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“I’m Catholic and I’m proud”: Christmas as a modern Irish believer


by IMAGE
30th Dec 2020

A manger sitting under a star ornament that is hanging from a Christmas tree with lights blurred behind.

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In an age when Catholicism is something folks are either turning away from or apologising for, believer Emer O’Reilly-Hyland has decided to wear her member’s badge with honour.


At Christmas time, my “crib” features a rather beautiful holy “crib” as the centrepiece of my festive decorations. This particular crib was sent piecemeal from a dear friend in the States.

It started one November – the Holy Family arrived, baby Jesus seraphic in his intricately hand-carved sandstone crib; Mary, her serenity perfectly captured in the smooth lines of the cast stone; and Joseph carrying his staff and the weight of the world in the strong shape of his swathed robes. Oh, how absolutely lovely, I thought, as I set it on the windowsill.

The following year came the three wise men, their riches and reverence intact despite their turbulent transatlantic journey. The nuclear family was no longer linear, so I moved it to a whatnot in the corner of the drawing-room and stood back to admire. And so, it went on, for about seven years in all; the large insulated parcel would arrive bearing shepherds, donkeys, camels, sheep.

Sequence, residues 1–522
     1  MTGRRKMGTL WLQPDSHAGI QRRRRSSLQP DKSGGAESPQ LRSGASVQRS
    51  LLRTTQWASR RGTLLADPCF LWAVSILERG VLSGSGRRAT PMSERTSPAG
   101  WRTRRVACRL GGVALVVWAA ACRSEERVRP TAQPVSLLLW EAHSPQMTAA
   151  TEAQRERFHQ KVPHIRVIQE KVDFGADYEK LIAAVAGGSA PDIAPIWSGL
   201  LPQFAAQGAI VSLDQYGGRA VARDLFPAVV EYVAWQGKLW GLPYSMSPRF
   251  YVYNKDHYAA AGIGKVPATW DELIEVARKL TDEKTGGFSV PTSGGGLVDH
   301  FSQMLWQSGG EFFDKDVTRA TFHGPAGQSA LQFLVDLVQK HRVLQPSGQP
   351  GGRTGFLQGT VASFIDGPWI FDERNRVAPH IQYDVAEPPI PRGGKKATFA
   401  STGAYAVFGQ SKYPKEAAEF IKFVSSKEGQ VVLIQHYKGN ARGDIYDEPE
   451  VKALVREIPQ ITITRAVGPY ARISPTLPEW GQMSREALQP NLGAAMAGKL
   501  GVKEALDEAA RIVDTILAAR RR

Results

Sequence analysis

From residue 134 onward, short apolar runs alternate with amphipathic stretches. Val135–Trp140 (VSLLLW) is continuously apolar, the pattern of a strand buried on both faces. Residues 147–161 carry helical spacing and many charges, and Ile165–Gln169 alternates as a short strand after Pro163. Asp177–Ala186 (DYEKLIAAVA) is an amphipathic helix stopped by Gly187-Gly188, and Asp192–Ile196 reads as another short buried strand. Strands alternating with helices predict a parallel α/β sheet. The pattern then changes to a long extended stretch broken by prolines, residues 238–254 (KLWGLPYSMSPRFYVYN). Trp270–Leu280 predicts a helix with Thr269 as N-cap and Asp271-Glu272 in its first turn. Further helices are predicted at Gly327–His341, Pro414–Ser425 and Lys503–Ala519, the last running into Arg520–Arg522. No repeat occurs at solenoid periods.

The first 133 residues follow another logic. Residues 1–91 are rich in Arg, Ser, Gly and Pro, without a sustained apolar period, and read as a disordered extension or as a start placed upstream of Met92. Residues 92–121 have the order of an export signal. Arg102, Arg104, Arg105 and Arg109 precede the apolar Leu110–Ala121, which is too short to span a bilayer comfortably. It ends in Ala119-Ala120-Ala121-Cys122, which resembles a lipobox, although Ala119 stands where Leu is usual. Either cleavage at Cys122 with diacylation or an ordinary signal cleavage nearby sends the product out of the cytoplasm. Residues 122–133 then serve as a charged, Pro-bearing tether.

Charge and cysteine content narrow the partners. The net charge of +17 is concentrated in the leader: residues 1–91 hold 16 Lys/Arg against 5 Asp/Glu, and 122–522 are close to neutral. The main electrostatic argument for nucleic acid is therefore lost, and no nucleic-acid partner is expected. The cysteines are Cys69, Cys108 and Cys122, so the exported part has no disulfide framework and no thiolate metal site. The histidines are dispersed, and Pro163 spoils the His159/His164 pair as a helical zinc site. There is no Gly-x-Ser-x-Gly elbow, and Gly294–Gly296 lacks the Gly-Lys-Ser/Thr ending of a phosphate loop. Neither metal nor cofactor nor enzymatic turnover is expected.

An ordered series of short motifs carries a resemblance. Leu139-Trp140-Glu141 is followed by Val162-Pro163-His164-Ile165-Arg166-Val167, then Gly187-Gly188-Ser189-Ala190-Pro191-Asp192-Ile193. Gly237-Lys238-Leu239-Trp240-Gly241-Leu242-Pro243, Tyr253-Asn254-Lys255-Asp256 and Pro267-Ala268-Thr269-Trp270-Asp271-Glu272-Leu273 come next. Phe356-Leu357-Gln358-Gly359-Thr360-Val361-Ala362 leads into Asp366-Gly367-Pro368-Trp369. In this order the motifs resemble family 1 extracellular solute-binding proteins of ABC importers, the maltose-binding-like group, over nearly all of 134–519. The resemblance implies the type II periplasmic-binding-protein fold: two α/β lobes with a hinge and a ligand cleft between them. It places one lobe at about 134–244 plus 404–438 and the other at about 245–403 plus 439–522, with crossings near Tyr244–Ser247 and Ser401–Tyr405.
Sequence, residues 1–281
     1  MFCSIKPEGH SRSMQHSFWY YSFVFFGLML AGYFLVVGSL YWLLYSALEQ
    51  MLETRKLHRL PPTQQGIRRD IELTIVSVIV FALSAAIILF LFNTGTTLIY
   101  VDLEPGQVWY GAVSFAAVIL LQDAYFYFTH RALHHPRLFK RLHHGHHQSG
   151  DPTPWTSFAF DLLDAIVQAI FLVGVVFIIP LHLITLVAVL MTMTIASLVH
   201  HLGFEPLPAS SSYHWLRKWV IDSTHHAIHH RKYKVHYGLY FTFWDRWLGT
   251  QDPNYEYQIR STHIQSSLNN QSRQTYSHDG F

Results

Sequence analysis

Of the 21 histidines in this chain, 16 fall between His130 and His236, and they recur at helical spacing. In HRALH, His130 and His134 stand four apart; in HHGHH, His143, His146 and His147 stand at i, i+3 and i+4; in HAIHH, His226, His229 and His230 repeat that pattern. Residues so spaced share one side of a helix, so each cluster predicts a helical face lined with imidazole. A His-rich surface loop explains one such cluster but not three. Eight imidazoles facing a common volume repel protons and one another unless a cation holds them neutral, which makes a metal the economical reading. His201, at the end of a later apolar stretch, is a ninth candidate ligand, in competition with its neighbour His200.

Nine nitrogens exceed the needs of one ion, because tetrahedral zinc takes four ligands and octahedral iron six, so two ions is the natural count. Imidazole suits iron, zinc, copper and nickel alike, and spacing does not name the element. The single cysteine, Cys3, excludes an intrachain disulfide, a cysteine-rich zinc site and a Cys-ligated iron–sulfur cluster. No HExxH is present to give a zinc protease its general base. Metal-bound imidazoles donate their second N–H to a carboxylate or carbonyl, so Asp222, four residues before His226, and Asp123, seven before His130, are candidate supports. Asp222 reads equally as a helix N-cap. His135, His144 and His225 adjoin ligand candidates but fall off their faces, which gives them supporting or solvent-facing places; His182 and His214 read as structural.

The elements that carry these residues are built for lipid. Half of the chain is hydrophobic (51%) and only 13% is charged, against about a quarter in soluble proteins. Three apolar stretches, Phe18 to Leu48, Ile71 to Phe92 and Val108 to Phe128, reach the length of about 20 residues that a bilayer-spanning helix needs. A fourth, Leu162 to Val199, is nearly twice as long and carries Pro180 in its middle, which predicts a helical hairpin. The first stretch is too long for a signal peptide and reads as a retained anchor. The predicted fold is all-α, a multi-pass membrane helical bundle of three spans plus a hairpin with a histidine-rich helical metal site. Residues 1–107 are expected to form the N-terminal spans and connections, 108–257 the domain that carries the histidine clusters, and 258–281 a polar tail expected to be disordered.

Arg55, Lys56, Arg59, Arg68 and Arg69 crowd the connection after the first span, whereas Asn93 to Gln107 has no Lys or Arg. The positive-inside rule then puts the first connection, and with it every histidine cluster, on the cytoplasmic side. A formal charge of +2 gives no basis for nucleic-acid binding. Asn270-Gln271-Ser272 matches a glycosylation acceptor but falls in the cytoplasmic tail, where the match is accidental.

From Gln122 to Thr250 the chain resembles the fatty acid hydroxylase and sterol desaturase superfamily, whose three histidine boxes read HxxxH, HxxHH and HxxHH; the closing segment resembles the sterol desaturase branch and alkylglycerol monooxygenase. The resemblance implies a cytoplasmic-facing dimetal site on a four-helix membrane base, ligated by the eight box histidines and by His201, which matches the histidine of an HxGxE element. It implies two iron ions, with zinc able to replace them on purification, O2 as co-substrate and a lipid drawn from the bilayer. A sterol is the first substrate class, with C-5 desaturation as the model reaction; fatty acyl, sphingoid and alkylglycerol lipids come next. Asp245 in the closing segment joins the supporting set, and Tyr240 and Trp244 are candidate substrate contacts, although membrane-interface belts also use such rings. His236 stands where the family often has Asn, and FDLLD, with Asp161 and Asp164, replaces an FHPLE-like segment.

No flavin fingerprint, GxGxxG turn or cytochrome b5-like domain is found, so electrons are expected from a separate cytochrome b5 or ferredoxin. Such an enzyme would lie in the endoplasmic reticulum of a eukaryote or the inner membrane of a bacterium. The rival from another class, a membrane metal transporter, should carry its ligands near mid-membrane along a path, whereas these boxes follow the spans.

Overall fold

With each passing year, as its size and impact grew, I traded up its residence. I rearranged furniture, Christmas trees and tinsel, until finally, with the arrival of two at doves, each perched atop a plinth, I was a bit like Frank Kelly’s Gobnait in “The Twelve Days of Christmas”: “Thanks a mill, but steady on Nuala or there’ll be no room at the inn!” The perfect “stage” for this large congregation turned out to be the console table in the hall, the pale modern wood and Lichen walls providing an ideal backdrop. I carefully unwrapped each piece and laid them out lovingly on some straw; I added a candle with a glass hurricane tube, lit it and stood back to admire.